"Given the ubiquity of Rudolf Barshai’s Shostakovich string quartet adaptations, it’s something of a puzzle that there haven’t been more recordings of his remarkable take on Prokofiev’s Visions fugitives. Now that Yuri Bashmet has asked Roman Balashov to transcribe the five piano pieces that Barshai himself omitted, could it be that the set will take off as it deserves?
The polystylistic Visions fugitives have always responded well to a variety of approaches. Pianists such as Emil Gilels tended to “firm them up”, imparting an elegant solidity to the invention which you won’t find here. The playing of the Moscow Soloists is nothing if not finely chiselled but Bashmet encourages a degree of planned instability and expressive distortion, pointing up the fleeting, transient nature of the music. While some may question why an exquisite melodic inspiration like the “Commodo” (tr 21) should not be left to speak for itself, the results here are sensationally beautiful in their own way. The version by the latter-day Moscow Chamber Orchestra under Constantine Orbelian (Chandos, 11/98) is comprehensively outclassed.
Bashmet’s micro-management of nuance, vibrato and bowing technique suits Stravinsky rather less well and I can imagine some listeners rejecting this Apollo out of hand. We can be sure that a composer who went so far as to portray his music as “essentially powerless to express anything at all” and campaigned to deny his champions the possibility of “interpretation” would have found it impossibly mannered. But perhaps the notes on the page have a right to their own story.
The recording is vivid and lifelike, capturing some extraneous breathing from an extraordinarily accomplished if small-scale ensemble. Over to you."
Gramophone - May 2007
" ...The overall impression left over from this disc is one of poise and restraint, everything gorgeously under control, but at the same time with a sense of real music making – not overly sanitised, and certainly with plenty of character and depth. The recording is set in a pleasantly resonant acoustic, but still with plenty of detail. The playing is genuinely brilliant and sensitively lead in Yuri Bashmet’s interpretations. Bashmet of course has string technique as part of his DNA, but proves once again that there is plenty more to say through the medium of the small string orchestra."
MuiscWebInternational - 26 March 2007
10 PERFORMANCE 10 SOUND
"These performances are outstanding. In Apollo, Yuri Bashmet and Co. manage to put more meat on the bones of this music than you might ever dream possible, without ever compromising its elegant, restrained, neoclassical aesthetic. The key to their success is a wide dynamic range and rich string sonority allied to the necessary rhythmic acuity. Listen to how they dig into the "big tune" at the climax of The Birth of Apollo, or notice the wonderfully fleet and punchy rhythms in the penultimate scene when Apollo dances with all of the muses. The final apotheosis is also just that: haunting but never dragging, and perfectly satisfying in its feeling of finality. This is the kind of performance that may win a few converts to the cause.
Remarkably, the same observations apply to the performance of the Concerto in D, one of Stravinsky’s most arid and cerebral creations. Again, it’s the treatment of rhythm that does the trick: the music in the outer movements trips along with an unusually purposeful and (yes) charming demeanor, and never comes to sound like empty note-spinning. It’s a performance that, incidentally, really does vindicate Stravinsky’s view that his music needs to be played strictly by the score. This doesn’t mean coldly or inexpressively, but the fact is that if the interpreters really apply themselves meticulously (as here) to realizing what he wrote before adding their own "ideas", they will likely enjoy much greater success.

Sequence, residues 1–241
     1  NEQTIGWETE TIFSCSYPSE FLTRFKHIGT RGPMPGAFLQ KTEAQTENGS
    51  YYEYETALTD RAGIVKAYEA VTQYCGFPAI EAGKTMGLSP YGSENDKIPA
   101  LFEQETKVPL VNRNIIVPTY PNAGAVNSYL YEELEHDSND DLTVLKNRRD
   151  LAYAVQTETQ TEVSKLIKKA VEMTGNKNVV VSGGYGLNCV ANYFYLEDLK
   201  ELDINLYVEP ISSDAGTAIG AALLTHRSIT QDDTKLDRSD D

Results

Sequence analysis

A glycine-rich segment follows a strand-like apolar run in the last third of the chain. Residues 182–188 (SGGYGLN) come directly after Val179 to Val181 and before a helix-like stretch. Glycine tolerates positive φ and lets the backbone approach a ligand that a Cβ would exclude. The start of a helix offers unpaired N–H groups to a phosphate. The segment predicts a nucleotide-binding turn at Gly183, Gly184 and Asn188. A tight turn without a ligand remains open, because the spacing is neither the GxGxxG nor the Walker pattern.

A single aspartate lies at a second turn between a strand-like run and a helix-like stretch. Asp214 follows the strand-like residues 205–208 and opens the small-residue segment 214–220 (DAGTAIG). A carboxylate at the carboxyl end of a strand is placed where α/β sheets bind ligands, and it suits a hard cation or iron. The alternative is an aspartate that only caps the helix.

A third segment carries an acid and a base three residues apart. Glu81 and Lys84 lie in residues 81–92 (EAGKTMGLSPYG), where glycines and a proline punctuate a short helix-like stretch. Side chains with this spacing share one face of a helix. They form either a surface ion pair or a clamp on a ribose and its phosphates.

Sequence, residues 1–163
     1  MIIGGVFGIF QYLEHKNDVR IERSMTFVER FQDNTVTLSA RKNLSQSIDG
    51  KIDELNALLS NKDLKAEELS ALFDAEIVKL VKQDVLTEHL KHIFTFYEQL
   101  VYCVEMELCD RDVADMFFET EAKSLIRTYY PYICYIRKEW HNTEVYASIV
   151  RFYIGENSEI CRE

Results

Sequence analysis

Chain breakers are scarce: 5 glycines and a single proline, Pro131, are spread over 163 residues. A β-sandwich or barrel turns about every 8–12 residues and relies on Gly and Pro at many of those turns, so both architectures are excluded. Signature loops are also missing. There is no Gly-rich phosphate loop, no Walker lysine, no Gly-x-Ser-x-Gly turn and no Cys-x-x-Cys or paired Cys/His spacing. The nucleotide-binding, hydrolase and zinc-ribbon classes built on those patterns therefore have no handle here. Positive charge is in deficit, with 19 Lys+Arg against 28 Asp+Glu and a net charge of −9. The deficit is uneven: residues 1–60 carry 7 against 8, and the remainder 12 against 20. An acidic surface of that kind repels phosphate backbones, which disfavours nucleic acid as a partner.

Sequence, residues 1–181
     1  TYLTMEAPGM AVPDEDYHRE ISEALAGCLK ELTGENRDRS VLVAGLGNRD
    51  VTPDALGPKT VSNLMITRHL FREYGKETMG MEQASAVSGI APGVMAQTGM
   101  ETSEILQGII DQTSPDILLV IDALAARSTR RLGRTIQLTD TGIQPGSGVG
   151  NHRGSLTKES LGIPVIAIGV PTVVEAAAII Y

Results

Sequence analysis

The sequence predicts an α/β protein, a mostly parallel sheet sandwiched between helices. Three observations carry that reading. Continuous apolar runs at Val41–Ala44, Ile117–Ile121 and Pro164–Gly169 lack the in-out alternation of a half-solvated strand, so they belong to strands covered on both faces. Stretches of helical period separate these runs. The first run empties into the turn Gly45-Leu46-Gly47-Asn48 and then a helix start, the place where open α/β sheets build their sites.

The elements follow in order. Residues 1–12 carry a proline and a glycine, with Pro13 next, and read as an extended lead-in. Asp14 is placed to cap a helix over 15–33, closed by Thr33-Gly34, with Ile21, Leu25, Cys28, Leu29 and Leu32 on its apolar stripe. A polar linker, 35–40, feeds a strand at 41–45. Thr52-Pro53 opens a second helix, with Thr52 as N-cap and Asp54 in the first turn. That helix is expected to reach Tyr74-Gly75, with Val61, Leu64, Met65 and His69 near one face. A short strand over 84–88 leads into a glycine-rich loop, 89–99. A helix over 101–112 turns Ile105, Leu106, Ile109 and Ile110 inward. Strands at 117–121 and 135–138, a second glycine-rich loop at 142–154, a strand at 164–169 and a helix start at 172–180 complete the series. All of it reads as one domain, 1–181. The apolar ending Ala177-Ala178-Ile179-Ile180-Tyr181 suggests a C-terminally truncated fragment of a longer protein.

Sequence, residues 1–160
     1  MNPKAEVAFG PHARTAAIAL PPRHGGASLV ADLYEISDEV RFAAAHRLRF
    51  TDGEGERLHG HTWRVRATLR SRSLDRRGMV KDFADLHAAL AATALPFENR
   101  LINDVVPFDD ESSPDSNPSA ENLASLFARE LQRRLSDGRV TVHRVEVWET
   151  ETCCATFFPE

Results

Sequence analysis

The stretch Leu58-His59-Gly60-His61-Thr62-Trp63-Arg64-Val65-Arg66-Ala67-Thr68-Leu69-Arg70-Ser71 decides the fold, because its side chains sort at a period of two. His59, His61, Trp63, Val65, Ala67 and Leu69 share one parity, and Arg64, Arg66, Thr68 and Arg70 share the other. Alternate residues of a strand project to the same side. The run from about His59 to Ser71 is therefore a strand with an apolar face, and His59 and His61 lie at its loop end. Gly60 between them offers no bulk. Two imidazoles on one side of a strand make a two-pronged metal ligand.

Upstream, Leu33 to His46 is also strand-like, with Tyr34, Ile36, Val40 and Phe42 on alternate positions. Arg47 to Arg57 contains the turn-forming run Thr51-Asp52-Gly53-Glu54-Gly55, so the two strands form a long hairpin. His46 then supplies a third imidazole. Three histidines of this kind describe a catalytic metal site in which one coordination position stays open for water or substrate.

Rudolf Barshai arranged some 13 of Prokofiev’s Visions fugitives for string orchestra, and Bashmet supplements the previous effort with the remaining seven numbers in transcriptions by Roman Balashov. If I find these brief, quirky pieces more effective in their original keyboard guises, it’s not to disparage the excellence of the playing or the aptness of the conducting. The whole set of 20 makes a fine bonus, and of course juxtaposing Stravinsky and Prokofiev in this way is interesting in and of itself. The sonics are perfect: ideally warm and natural. You should find yourself returning to this exceptional disc often."
ClassicsToday.com - 30 March 2007
BBC Music Magazine - April 2007
"This is a highly successful follow-up to the Moscow Soloists’ debut recording on Onyx of Shostakovich, Sviridov and Vainberg that I welcomed wholeheartedly just over a year ago. This time, the focus is on neo-Classical Stravinsky and early Prokofiev.
Stravinsky’s ballet Apollo is the test of any string orchestra, as it has to encompass quite a range of textural variation, rhythmic acuteness and Apollonian serenity.
Bashmet’s players triumph on all accounts: just listen to the wit they bring to the "Variation de Polymnie" or the gravity with which they inject the final apotheosis. The Concerto in D is just as enjoyable, with rhythms again vividly pointed and the sly ninths of the slow movement winningly phrased.
The Prokofiev is a string-orchestra arrangement of his 20 Visions fugitives for piano, the 15 made by Rudolf Barshai in the early 1960s supplemented by the remaining five in new versions by Roman Balashov. Again the musicians respond well to the terse, quick-change moods of these miniatures with playing of exceptional virtuosity and sense of ensemble."
The Daily Telegraph - 3 March 2007
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